Beginning of Autumn 立秋 Seasonal Node

In the traditional Chinese calendar August is the start of Autumn, and this year Friday, August 7th, marks the beginning of the new season. Although in the western world Autumn is a summer month, the Chinese calendar is concerned with the relative balance of Yin and Yang in the natural environment, which is closely tied to day length. Summer Solstice in June was the longest day of the year. By now the days are getting gradually shorter, and we are only 6 weeks away from the Autumnal Equinox, a day of balance light and dark. Even though August weather can still be hot we are in the time of Yin and contraction in the natural environment.

The first five days of this seasonal node are called Liang Feng Zhi (涼風至) – Cool Winds Arrival. There is a Chinese saying that goes, “in the morning, once Autumn has arrived, in the evening the weather is cool and dry” (早上立了秋,晚上涼颼颼). The weather here in New Jersey this week has been relatively cooler – at the end of last week the evening lows were in the upper 50s.

Although the weather is beginning to shift, August can still be quite damp and humid. In Chinese medicine, weakness in the Spleen and Stomach leads to damp accumulation. This time of year we therefore need to avoid dampness and simultaneously strengthen the digestive organs. One way to accomplish this is to eat light and clear foods, increasing the amount of seasonal vegetables and eating a little less meat. Vegetables can be consumed lightly steamed or stir-fried, or in the case of light salad greens, raw. In general avoid overly hot, spicy foods. Congees are appropriate to help strengthen the digestive organs and one traditional congee recipe for this seasonal node is Euryale Seed and Discorea Congee (Qian Shi Shan Yao Zhou 芡實山藥粥; see below). In addition to dietary recommendations is basic acupressure on supplementing points such as Zu San Li (ST-36). If patients tend to cold and vacuous patterns of the Spleen and Stomach, gentle direct thread moxa at Zu San Li is also applicable.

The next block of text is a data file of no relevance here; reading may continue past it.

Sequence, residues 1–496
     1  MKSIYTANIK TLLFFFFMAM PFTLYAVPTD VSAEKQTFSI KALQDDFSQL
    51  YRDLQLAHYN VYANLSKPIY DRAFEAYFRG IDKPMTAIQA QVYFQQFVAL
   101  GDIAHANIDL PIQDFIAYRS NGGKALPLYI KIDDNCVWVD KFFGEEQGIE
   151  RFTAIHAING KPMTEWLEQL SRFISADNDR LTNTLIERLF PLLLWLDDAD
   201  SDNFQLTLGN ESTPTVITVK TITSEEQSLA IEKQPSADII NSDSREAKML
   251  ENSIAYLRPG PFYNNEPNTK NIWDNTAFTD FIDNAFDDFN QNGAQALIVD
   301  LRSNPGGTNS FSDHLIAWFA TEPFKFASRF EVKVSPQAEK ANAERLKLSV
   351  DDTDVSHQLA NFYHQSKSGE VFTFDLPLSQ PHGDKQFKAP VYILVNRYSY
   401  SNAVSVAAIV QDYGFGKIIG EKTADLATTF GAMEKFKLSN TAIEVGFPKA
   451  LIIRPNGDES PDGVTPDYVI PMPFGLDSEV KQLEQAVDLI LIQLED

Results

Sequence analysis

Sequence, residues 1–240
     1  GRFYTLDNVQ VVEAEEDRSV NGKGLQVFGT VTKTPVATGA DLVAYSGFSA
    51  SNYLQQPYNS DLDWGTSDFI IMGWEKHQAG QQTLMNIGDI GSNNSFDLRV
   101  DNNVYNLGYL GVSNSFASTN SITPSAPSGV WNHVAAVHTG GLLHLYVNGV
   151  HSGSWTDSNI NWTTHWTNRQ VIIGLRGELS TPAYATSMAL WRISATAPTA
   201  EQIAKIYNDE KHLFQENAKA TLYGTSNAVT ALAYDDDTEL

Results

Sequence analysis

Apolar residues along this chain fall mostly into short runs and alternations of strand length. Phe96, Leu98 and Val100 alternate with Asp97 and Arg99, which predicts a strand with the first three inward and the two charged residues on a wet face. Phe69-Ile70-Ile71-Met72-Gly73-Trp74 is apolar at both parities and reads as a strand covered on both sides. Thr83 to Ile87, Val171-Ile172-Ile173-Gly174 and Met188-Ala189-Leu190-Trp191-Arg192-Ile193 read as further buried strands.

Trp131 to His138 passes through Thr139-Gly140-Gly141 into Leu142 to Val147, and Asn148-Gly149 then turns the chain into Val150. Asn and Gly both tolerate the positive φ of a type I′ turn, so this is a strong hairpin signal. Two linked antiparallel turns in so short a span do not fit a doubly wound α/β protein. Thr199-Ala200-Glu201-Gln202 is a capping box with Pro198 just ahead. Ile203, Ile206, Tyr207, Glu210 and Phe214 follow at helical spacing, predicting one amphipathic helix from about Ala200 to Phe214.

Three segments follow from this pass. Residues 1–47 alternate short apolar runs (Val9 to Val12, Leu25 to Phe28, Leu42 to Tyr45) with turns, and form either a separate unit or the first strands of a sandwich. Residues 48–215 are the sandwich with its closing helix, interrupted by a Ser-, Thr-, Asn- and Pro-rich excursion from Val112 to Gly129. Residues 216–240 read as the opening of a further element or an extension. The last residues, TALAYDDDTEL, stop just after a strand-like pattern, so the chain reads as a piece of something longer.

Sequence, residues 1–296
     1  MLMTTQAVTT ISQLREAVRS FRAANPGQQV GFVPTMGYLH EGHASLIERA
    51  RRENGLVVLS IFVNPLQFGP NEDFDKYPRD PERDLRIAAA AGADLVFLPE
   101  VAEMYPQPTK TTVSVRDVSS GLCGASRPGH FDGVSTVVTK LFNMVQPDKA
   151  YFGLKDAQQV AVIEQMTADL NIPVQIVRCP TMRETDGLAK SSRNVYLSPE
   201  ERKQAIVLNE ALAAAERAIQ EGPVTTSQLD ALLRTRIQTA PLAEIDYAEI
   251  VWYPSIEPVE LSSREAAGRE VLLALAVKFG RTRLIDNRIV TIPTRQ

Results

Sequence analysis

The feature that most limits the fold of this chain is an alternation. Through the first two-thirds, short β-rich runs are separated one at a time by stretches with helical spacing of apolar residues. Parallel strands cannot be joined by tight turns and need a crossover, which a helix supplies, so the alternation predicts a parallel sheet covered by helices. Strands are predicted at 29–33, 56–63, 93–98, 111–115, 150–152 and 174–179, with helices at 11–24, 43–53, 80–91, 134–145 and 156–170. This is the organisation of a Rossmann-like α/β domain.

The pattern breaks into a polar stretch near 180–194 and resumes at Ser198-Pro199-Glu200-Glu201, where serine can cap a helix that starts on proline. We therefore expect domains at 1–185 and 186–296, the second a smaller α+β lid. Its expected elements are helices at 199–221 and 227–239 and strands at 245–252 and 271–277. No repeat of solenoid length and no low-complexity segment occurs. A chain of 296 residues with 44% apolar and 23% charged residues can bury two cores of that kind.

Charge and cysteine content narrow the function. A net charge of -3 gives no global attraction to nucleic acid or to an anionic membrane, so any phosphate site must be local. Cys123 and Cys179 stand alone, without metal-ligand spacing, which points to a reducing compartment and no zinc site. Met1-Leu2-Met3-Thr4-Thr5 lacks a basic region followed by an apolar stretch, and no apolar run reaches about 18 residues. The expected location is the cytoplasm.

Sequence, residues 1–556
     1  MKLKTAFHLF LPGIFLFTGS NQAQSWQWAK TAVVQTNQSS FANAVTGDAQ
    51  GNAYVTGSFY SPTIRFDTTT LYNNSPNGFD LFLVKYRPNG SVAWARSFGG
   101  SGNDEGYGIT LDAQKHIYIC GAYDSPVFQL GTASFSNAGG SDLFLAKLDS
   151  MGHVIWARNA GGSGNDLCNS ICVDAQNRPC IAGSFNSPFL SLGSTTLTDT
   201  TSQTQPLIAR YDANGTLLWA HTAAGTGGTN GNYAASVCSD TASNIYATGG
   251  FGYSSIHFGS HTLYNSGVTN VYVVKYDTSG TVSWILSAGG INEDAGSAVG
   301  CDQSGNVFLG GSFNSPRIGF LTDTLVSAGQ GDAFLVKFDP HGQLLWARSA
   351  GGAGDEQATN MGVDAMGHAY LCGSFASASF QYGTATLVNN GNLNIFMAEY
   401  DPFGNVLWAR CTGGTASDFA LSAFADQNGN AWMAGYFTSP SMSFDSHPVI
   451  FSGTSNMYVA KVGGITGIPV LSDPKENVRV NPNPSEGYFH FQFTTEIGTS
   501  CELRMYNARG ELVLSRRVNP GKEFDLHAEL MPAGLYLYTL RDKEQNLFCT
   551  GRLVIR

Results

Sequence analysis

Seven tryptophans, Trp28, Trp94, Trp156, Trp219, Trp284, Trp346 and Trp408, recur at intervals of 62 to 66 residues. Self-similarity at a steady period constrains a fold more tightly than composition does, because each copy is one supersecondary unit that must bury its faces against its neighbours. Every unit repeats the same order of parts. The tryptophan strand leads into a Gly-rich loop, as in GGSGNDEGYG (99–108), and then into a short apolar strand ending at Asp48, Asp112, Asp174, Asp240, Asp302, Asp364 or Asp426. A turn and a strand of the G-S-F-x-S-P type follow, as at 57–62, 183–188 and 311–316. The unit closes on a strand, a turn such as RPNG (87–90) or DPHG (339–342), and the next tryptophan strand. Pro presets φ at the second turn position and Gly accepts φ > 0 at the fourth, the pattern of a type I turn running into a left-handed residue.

Autumn is the season associated with the Lungs. As such, even though we want to avoid very spicy foods, mildly acrid foods are good this time of year for Lung function. These foods include ginger, scallion, leek, and black pepper. Mildly sweet and slightly sour fruits also help moisten and benefit the Lungs, including the now in-season stone fruits (i.e., plums and peaches).

This season we need to be cautious of sudden return of very hot and humid weather. In Chinese this is called “The Old Tiger of Autumn” (Qiu Lao Hu 秋老虎), and is similar to what in the west we would call an Indian Summer. When the old tiger rears its head again Summerheat pathogens are a risk – symptoms of this include headache, dizziness, nausea or vomiting, poor appetite, stuffy chest, heavy or fatigued limbs, and possibly diarrhea. If intense hot and damp weather returns, focus the diet on foods that are cooling and moistening. Foods to consider adding on a daily basis include all sorts of sprouts (e.g., mung bean or alfalfa), cucumbers, muskmelon, winter melon, tomato, and loofah. Mung beans are very cooling, and in hot weather they can be made into a sweet dessert soup.


Euryale Seed and Discorea Congee (Qian Shi Shan Yao Zhou) 芡實山藥粥


·      1 cup rice (use glutinous rice if available)

·      200g Euryale seed (Qian Shi 芡實)

·      200g Discorea (Shan Yao 山藥)

·      200 g sugar


1.     Grind rice, Euryale seed, and Discorea to a powder. Mix the three together with sugar and blend well so evenly mixed

2.     In a pan, add 50 – 100g of blended powder to cold water, enough to make a thick soupy consistency

3.     Put over medium flame and warm for several minutes, stirring occasionally

4.     Enjoy in the morning on an empty stomach (consume warm)


Functions: Strengthens the Spleen, stops diarrhea

Contraindications: Diarrhea due to infections, damp heat type diarrhea

Minor Heat 小暑 Seasonal Node

Monday, July 7, is the beginning of the next seasonal node – Minor Heat (Xiao Shu 小暑). This important time period marks a major transition in the movement of Qi in the natural world. Summer Solstice (Xia Zhi 夏至) began the transition from Yang-expansion to Yin-contraction in the environment. Therefore, Minor Heat is the first seasonal node in the Yin time of the year. That said, it is still hot out! Even the name of this seasonal node acknowledges this. Although we are transitioning into the Yin time of the year, weather change happens slowly. Think of it like a train barreling ahead at high speed. Once the conductor decides to stop the train and put it in reverse, he first puts on the breaks. Even though the breaks are applied, it takes several hundred feet before the train actually stops. Only then will it very slowly start moving in reverse. The movement of the seasons is just like this. Once we have flipped the switch from Yang to Yin, the weather still continues to warm for some time before the very slow movement in the opposite direction begins.